Believe that further shore
Is reachable from here.
Believe in miracle
And cures and healing wells.
—Seamus Heaney, “The Cure at Troy”
With a name like mine, it’s easy to guess I’m Irish. My forebears were among the millions who struggled to escape Ireland’s disastrous Potato Famine (1845-1852). With his six siblings, my great-grandfather Patrick boarded one of the infamous “coffin ships” out of Liverpool. When the ship dropped anchor in Canada’s St. Lawrence River, of the Killoran family, only Patrick survived. What could it have been like for that ten-year-old kid? First losing his family to typhus aboard ship, then being locked into quarantine upon arriving in what had been billed as the promised land? The boy must have been strong, for Patrick somehow traveled to northern Quebec, where he grew up to become what family lore describes as a hard-drinking, hard-loving miner.
In the 19th century, most Irish were poverty-ridden peasants, dependent on a diet of potatoes with maybe a wee bit of milk or butter if you were lucky enough to share a cow. When a fast-moving blight devastated their only crop, people had nowhere to turn. Famine took over a million men, women, and children while those who could have offered relief ignored or even rejoiced in their plight. In all, two million people became refugees, with only one in five surviving to reach the largely hostile New World. Calamity is like that: the bottom falls out, not once but again and again. Everything keeps changing, and you either take desperate action — or you die.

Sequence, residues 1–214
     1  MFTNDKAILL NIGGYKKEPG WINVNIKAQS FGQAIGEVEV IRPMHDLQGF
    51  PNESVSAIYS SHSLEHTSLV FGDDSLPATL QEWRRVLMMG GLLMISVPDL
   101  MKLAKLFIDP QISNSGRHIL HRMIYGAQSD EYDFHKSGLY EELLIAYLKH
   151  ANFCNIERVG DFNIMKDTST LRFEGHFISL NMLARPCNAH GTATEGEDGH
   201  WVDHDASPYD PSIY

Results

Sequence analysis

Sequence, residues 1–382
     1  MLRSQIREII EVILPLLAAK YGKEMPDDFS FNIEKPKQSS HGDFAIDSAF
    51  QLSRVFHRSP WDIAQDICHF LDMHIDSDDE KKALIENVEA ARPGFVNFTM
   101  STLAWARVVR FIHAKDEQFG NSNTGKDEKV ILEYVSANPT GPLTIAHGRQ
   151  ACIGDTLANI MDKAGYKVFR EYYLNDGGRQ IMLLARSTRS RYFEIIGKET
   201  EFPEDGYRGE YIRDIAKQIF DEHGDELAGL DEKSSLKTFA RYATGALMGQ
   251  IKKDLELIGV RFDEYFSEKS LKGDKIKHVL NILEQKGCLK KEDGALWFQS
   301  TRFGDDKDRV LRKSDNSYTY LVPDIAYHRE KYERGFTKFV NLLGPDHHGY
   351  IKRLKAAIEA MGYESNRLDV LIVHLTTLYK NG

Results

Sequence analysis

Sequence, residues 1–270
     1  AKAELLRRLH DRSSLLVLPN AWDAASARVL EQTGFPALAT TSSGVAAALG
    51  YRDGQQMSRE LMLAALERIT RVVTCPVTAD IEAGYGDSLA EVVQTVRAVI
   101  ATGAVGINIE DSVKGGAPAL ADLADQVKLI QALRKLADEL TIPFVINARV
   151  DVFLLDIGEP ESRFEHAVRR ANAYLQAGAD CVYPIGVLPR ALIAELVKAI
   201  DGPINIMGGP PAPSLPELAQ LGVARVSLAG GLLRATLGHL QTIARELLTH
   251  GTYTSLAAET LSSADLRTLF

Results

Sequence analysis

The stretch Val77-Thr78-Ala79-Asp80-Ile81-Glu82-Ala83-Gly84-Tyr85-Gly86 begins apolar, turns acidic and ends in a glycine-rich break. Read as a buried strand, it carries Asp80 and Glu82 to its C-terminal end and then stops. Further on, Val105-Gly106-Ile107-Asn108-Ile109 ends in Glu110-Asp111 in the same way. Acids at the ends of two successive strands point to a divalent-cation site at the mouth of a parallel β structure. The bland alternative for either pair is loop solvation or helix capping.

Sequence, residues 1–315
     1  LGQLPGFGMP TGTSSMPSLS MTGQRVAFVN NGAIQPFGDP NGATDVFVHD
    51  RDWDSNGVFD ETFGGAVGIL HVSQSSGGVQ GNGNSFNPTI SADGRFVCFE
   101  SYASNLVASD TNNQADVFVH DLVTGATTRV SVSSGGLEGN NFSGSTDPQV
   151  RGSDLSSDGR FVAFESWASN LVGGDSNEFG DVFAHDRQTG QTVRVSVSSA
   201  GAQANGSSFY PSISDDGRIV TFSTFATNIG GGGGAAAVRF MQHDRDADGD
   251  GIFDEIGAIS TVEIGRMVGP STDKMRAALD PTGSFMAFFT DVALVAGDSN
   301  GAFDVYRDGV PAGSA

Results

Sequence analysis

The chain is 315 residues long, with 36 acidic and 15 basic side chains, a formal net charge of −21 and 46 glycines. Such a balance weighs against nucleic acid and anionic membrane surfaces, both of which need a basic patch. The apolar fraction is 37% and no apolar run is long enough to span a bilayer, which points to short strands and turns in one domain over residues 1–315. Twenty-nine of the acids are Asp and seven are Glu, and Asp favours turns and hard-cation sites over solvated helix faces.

You hear it in Irish music: the lament for having been beaten down, and for dreams both lost and denied. It’s there too, the stubborn persistence for which my people are famous, the refusal to abandon the necessity of dreams.
With another St. Patrick’s Day having come and gone, I ponder the calamities and the strengths of my heritage. To do other than persist would be to dishonor those who have gone before. Too many things matter for me to give up. Life is too precious for me to say die. If desperate action is likely to be required, then I must gird myself with stories of strength. Although I can barely see the further shore, I must hold fast to the conviction that we will get there; that love will not only survive, but thrive. Others have done it. So can I.
God of stubborn persistence, be with me, for the days are dark, and I am often afraid. Help me feel surrounded by a cloud of witnesses lending support to my days and giving comfort in my nights. Inspire me to draw strength from all that has gone before, that I may have courage to engage the struggles yet to come. In the name of all that is Holy, this I pray. Amen.